“Though he addressed himself to the world, Buber regarded his thought as firmly rooted in Judaism, and he persistently refused to sever his writings from their Jewish moorings,” Potok wrote. “Jews, however, have generally continued to look upon his efforts with suspicion and to regard them as outside the mainstream of Jewish thought.”

An 100th-anniversary reissue of Martin Buber’s “I and Thou.” Credit: Simon & Schuster.

To Buber, there was a fundamental difference between relationships, in which there was an encounter on equal footing—I-Thou, or where one addresses the other person as “you”—and those in which one party is a subject and the other is an object, or I-It.

“An overarching theme of I and Thou is how to establish and sustain relations of mutual trust,” noted Mendes-Flohr.

The German du (“you”) is reserved for intimate, trusting relations, such as between parents and children or the closest of friends. “And, as Buber underscores, for our relation to God,” said Mendes-Flohr.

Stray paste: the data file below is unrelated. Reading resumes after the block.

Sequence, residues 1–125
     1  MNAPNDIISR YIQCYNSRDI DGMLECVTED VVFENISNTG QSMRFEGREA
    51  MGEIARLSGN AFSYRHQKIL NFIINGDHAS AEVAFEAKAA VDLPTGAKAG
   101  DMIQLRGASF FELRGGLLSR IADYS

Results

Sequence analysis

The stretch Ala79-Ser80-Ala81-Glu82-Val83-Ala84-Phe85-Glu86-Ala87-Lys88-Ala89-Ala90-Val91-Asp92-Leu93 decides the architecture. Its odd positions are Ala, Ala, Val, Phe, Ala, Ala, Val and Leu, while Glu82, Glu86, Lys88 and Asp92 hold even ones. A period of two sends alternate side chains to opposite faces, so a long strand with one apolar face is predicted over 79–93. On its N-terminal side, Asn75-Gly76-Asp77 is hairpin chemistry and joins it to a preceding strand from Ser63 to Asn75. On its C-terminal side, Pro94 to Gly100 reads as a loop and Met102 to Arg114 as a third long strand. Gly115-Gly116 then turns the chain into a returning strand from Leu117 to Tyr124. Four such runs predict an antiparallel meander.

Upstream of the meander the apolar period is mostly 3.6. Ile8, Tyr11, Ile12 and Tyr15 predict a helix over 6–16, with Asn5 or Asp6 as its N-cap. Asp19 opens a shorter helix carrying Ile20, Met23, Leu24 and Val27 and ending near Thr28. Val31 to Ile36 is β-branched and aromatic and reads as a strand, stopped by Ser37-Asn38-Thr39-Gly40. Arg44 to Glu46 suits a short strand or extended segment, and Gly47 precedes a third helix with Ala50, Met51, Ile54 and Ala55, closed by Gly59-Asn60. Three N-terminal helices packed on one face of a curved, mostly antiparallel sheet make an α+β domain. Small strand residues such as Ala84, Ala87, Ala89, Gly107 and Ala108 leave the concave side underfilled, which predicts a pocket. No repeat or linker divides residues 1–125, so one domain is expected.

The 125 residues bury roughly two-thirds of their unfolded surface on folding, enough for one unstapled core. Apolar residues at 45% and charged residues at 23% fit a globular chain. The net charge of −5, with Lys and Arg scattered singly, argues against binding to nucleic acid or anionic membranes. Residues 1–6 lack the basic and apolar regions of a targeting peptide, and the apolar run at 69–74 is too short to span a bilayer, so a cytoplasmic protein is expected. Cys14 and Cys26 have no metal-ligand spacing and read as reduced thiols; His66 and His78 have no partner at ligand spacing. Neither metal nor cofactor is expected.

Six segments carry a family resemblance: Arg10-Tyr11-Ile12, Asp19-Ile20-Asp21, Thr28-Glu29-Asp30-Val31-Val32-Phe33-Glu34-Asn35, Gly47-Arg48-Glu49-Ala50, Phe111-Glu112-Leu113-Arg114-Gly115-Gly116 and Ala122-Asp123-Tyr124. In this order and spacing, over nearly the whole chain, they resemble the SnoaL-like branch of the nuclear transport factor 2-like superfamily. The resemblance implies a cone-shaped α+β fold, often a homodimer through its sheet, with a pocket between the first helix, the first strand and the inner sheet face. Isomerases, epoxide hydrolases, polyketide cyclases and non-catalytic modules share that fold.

Buber envisions God “as the Eternal Thou,” so “an I-Thou dialogue is not to be considered a synonym for negotiations of a convivial conversation,” he added.

Feminist readings of a thinker who had a conservative view of women
In July, the University of Haifa will host a major conference titled “Women Write Buber.” The lead organizer, Yemima Hadad, a Jewish-studies professor at Leipzig University in Germany, told JNS that the conference aims to “be attentive to female voices reading Buber and continuing his legacy in their writings.”

The conference will convene female scholars from institutions around the world to reflect upon how Buber’s writings have shaped contemporary feminism.

“Martin Buber was not a feminist thinker or an active promoter of the feminist cause. To the contrary, his writings suggest a rather conservative view on the woman’s ‘place,’ ” said Hadad. “But the conference will highlight the fact that Buber was in intellectual conversation with many leading female thinkers at his time and that his philosophy was shaped through this exchange.”

To Hadad, Buber’s I-Thou refers to a partner in a living event, while I-It always involves power, command and possession.

“Buber argues that my own self is constituted by the way I address the other. This means that all ethics must begin with the other,” she said. “I-Thou does not just mean dialogue, it is a way of life and a way of relating to the world.”